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Justice: Trump wrong not endorsing McKinley

Joselyn King SENATE RACE — West Virginia first dog Babydog, left; Gov. Jim Justice; U.S. Rep. David B. McKinley, R-W.Va.; and Brian Joseph, president and CEO of Touchstone Research Laboratory, discuss politics and the new Veloxint product being produced at Touchstone.

By JOSELYN KING

Staff Writer

TRIADELPHIA – West Virginia Gov. Jim Justice said Thursday an ally – former President Donald Trump – “made a mistake” by not endorsing U.S. Rep. David B. McKinley for re-election this year.

Justice’s comments came as he and McKinley, R-W.Va., made a joint appearance at the Touchstone Research Laboratory campus in Triadelphia. It was there researchers unveiled a revolutionary product, Veloxint, that will be manufactured at the facility.

Trump has endorsed McKinley’s opponent, Rep. Alex Mooney, R-W.Va., in the race for the District 2 U.S. House seat representing West Virginia.

“Now I don’t have a dog in the fight against Alex Mooney in any way,” Justice said. “But I can tell you I have been close with the Trump family, and I am friends with Trump. From time to time, he can make a mistake. And this time, he has made a mistake.

“This man (McKinley) did something that probably agitated the president when he voted for the infrastructure bill. Just think about it – what kind of guts did it take to do it? At the end of the day, don’t we in West Virginia need that? Are you kidding me?”

Justice acknowledged McKinley sometimes agitates him.

“He drives me crazy with stuff all the time,” Justice said. “He won’t quit doing it – all the time. I’ve talked to Alex Mooney since I’ve been in office one time.”

He added McKinley’s tenacity is why innovative places such as Touchstone Research Laboratory exist.

Brian Joseph, president and CEO of Touchstone, explained to those present what it is that happens at Touchstone.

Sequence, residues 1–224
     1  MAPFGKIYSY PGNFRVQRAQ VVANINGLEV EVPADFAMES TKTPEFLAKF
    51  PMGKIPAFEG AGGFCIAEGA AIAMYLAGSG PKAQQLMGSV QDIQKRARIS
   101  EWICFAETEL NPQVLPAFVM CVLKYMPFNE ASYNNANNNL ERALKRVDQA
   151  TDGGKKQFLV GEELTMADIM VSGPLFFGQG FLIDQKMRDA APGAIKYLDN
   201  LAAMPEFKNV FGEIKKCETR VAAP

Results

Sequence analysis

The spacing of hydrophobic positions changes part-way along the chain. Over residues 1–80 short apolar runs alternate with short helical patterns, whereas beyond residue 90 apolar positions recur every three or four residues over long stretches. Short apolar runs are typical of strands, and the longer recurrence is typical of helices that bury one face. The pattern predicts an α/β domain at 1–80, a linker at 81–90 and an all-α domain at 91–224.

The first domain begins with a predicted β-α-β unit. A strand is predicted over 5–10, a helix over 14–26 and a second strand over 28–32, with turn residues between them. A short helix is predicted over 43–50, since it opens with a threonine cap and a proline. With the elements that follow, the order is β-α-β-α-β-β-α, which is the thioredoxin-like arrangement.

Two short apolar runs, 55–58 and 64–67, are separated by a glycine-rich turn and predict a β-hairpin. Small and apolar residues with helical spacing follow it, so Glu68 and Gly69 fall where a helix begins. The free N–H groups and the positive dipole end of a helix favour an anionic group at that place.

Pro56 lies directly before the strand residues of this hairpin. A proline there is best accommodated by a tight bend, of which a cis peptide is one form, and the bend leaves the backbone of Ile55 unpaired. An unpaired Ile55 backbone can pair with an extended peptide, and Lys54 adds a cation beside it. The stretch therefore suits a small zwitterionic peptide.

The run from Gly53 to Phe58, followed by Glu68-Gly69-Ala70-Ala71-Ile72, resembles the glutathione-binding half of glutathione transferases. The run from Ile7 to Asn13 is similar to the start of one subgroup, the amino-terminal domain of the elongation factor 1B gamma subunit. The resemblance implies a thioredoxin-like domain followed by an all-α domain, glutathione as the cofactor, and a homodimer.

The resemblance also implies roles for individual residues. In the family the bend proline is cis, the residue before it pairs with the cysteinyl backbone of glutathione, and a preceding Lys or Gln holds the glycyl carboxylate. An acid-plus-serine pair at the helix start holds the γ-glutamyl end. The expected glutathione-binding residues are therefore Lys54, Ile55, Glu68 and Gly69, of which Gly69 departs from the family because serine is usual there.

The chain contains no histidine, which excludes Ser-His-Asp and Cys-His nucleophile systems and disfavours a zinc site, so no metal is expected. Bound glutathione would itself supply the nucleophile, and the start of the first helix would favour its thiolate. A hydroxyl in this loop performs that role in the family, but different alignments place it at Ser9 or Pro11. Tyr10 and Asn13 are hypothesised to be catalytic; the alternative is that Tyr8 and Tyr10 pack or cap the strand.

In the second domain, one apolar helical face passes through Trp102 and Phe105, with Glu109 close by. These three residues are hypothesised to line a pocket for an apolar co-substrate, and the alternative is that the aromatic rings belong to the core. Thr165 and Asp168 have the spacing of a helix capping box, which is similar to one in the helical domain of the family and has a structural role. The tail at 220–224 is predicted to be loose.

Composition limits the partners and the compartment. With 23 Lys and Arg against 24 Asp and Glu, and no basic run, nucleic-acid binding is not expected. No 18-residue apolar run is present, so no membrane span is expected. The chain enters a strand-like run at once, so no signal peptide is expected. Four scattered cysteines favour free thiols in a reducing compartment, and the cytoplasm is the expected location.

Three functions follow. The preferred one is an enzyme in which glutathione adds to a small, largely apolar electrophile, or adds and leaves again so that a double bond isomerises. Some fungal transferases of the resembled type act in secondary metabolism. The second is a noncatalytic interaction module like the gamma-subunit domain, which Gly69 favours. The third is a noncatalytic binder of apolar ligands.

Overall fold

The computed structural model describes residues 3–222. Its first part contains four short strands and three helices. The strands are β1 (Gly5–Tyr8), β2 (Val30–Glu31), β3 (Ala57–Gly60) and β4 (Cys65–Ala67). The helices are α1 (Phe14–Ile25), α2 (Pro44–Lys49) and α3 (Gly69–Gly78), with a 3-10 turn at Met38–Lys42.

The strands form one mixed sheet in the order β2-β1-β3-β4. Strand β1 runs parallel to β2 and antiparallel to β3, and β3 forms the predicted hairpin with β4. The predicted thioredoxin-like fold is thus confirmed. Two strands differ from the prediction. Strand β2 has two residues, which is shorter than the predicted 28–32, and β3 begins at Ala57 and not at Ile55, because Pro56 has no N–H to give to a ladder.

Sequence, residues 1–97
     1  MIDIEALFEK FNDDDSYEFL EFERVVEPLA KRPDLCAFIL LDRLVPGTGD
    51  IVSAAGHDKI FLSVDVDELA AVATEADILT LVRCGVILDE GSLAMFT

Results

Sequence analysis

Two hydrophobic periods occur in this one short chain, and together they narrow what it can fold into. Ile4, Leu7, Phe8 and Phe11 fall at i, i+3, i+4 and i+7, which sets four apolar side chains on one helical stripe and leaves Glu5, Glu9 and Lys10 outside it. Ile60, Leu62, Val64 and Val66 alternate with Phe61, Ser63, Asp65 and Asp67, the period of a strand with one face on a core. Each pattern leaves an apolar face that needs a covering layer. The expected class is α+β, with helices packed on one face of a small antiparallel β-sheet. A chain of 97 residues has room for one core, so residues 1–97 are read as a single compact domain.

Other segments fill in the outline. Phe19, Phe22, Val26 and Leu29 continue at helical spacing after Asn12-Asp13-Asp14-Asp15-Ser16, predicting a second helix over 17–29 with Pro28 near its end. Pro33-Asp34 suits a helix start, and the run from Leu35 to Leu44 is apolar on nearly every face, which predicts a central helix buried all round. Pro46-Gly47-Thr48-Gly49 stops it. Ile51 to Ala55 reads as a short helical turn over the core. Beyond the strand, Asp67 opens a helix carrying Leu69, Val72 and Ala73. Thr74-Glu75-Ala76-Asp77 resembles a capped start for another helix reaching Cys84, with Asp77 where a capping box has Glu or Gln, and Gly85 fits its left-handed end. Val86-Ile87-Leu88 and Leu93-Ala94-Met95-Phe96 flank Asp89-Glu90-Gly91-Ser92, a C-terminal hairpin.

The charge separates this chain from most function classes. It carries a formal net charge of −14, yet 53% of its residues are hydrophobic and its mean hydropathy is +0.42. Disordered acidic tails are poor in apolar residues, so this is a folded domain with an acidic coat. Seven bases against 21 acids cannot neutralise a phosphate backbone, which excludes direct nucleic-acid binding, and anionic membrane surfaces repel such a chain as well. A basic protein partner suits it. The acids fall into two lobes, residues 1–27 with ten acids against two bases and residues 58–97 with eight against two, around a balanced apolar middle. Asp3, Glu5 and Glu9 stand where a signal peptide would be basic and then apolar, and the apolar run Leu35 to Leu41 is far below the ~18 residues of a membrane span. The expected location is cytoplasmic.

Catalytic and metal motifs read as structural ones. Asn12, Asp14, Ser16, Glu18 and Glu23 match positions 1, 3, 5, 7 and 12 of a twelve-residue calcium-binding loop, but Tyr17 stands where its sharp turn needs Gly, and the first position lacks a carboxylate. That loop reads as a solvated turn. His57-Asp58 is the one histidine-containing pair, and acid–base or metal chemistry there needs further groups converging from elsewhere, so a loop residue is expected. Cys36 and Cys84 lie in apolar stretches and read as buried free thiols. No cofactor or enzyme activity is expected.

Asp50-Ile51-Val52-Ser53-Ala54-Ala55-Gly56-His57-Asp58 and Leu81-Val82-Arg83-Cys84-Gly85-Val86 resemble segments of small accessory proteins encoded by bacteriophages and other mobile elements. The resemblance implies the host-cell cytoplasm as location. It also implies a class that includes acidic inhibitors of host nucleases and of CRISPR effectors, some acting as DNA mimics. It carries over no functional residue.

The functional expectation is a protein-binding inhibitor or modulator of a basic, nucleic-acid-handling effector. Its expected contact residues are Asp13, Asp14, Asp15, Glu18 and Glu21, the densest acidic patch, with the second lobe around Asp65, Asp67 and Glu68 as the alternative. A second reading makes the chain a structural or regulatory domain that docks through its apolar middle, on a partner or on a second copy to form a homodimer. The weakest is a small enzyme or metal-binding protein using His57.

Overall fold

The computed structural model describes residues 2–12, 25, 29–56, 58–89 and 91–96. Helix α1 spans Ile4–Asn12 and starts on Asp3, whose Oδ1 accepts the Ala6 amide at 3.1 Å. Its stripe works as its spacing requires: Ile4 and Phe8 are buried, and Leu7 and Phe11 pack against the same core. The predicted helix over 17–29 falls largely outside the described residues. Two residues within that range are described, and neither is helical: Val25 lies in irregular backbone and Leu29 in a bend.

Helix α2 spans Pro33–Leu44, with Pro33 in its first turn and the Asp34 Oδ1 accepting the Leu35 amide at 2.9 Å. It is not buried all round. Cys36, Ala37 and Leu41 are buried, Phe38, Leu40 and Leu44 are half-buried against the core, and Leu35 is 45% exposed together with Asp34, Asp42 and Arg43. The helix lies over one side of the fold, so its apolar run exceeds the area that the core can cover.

Touchstone Research Labs – one of a number of companies on the Touchstone campus – focuses on the aerospace industry.

“When you see any airplane being built, that business has probably tested the metal that is on that airplane – any airplane in the U.S., and probably in Europe,” Joseph said. “If you see a rocket take off into space, the probabilities are they tested some of the materials on that rocket. That’s what they do every day.”

Other companies on the Touchstone Campus include C Foam LTD, manufacturers of a successful product made from local coal that is being sold worldwide. It is designed to meet the growing demand for ultra-high performance engineering materials in the military, industrial, aerospace, and commercial product markets.

Next door, Touchstone Advanced Composites makes the molds needed for carbon fiber airplane parts. The company has made half the molds for X-59, the first supersonic airplane that can exceed the speed of sound and won’t make a sonic boom, Joseph explained.

Then he spoke about Veloxint, a nano-crystaline alloy coming from copper, titanium or chrome. Its particles are so small, it can be used in the 3-D printing of metal tools – something that wasn’t possible before.

Veloxint was developed at Massachusetts Institute of Technology, but metal products aren’t easy to manufacture in the Boston area, according to Joseph. Researchers there contacted him about moving the product to Touchstone.

Joseph sees about 100 local jobs associated with Veloxint being phased in over the next few years, and he credited both federal and state officials with helping to move Veloxint to the Touchstone Campus. Touchstone recently received a $5 million U.S. Department of Energy program that helped make the project possible.

“That’s the thing that launches this business at this location, in my opinion,” Joseph said. “This is brand new, and just in the past few weeks. For this, I would like to thank the Congressman.

“So how can we invent all this stuff and spin businesses out? It’s government-funded research that does that. And the Congressman’s office has been fantastic at helping us, mentoring us, and helping us to find ways to make this stuff happen.”

He said what happens on the Touchstone campus can be attributed to McKinley, a civil engineer whose company designed the campus.

“Even if he weren’t in Congress and I wanted to know something about the infrastructure bill, that’s who I would call,” Joseph said.

McKinley said he and Joseph have been working together on projects since 1983.

“One of the most crucial things we can do in West Virginia is diversify our economy through research and finding different things we can do,” McKinley said. “That’s the future of West Virginia – diversification…

“The good news is, positive things are happening.”

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